Density maps of voxel values were repeated at different times, and the voxel values of the mandibular alveolar bone proper, breccia and of the region of interest were: 18780±207.14, 16309±296.16 and 17373±72.78 confirming the previous data taken at different regions of interest across different tomograms of the specimen.

The data recorded at different sites from multiple measurements at different time-points show that the region of interest within the alveolus of the missing M3 is statistically different from breccia. The voxel values of the region of interest are also significantly different from the measures of alveolar bone and show smaller values. This indicates that the region of interest is partially filled with mineralizing newly formed bone.

Statistically significant differences do exist between the fossilized regions which were examined, including the region of interest. However, voxel values are often considered unreliable when differences are not truly major, even though statistically significant, particularly when highly fossilized specimens are evaluated. SK 45 fits that context. It may be pertinent that voxel values were also different when measured at different time points.

The first measurements as reported above of voxel grey values are merely representations of the density on a 16-bit grey scale; values were obtained by simply opening the data in the software package VGStudio Max 3.2. Subsequent measurements were designed to maximize the effect of different voxel grey values. The sample data was re-imported into the software with a calibration procedure where the background grey values and highest density material grey values were explicitly specified.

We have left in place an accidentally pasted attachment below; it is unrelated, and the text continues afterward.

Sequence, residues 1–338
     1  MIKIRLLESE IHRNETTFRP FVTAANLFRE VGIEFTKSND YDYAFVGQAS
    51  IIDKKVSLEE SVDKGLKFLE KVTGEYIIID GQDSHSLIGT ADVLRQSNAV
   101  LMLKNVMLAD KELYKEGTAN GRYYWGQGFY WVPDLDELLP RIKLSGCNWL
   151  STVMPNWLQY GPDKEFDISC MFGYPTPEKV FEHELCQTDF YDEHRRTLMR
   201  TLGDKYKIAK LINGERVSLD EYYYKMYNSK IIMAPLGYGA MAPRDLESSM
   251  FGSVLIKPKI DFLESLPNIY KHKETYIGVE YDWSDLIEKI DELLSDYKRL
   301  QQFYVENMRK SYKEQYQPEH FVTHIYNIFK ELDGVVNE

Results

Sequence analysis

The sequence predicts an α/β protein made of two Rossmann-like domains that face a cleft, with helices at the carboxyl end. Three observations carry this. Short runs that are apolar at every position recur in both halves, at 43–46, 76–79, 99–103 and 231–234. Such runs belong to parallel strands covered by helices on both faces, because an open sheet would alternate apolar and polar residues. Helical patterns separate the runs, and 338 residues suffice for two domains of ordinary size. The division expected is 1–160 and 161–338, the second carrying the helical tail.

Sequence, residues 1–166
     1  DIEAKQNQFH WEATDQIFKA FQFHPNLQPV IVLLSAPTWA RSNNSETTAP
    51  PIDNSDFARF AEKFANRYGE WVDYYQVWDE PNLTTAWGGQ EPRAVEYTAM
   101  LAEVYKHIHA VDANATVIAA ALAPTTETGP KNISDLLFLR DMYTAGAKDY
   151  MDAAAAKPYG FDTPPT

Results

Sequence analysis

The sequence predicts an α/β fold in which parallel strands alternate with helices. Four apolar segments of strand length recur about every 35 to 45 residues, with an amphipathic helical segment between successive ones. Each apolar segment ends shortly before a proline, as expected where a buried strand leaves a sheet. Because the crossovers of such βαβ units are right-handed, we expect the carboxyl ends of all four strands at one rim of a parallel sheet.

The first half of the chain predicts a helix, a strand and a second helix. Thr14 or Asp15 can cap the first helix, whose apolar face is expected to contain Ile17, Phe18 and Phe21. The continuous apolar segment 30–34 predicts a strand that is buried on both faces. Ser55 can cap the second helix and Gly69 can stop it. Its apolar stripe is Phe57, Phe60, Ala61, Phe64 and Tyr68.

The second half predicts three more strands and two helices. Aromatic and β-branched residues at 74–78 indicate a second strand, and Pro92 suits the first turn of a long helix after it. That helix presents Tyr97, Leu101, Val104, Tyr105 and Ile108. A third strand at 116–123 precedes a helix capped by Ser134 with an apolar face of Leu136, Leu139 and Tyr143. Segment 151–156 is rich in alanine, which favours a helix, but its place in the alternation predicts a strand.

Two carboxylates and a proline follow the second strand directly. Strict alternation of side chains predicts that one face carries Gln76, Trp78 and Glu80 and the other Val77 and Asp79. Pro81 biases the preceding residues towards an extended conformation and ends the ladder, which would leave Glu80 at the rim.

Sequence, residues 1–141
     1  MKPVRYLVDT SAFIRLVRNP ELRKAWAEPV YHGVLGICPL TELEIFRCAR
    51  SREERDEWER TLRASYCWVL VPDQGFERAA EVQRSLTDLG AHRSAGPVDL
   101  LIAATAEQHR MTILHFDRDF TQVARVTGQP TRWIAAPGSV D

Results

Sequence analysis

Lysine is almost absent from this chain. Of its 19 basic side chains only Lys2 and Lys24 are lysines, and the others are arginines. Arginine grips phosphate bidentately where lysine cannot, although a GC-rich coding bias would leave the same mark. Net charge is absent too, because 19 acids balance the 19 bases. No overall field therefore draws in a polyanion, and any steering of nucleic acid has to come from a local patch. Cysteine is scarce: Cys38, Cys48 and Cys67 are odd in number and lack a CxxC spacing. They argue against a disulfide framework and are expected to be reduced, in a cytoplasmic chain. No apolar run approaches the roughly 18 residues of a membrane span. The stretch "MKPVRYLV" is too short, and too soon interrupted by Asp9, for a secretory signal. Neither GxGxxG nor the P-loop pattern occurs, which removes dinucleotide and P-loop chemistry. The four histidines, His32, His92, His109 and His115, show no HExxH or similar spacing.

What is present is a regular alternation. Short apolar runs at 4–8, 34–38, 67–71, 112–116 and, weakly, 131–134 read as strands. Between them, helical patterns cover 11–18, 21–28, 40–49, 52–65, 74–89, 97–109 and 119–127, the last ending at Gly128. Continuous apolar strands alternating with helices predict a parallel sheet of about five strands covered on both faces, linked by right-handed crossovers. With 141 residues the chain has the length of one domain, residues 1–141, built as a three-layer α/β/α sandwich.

These values were specified by selecting a region of interest in a view of the sample and were consequently chosen in air pores within the sample with the enamel visible in the same view. Both operations allowed for the same conclusions regarding the densities of the various regions, which were highly reproducible between sets of measurements.

Progressive mesial to distal coronal tomographic slices of the SK 45 mandible distal to M2 shows the presence of preserved anatomical boundaries within the alveolus (Figs. 4B, C). Sagittal (Fig. 2), coronal (Fig. 4) and transverse (Fig. 5) μct scan images of the region of interest distally to M2 show in more detail the alveolus of the missing M3 with dense mineralized material within the socket and with continuous preservation of the anatomical boundaries of the alveolus (arrows in Figs. 2, 4, 5).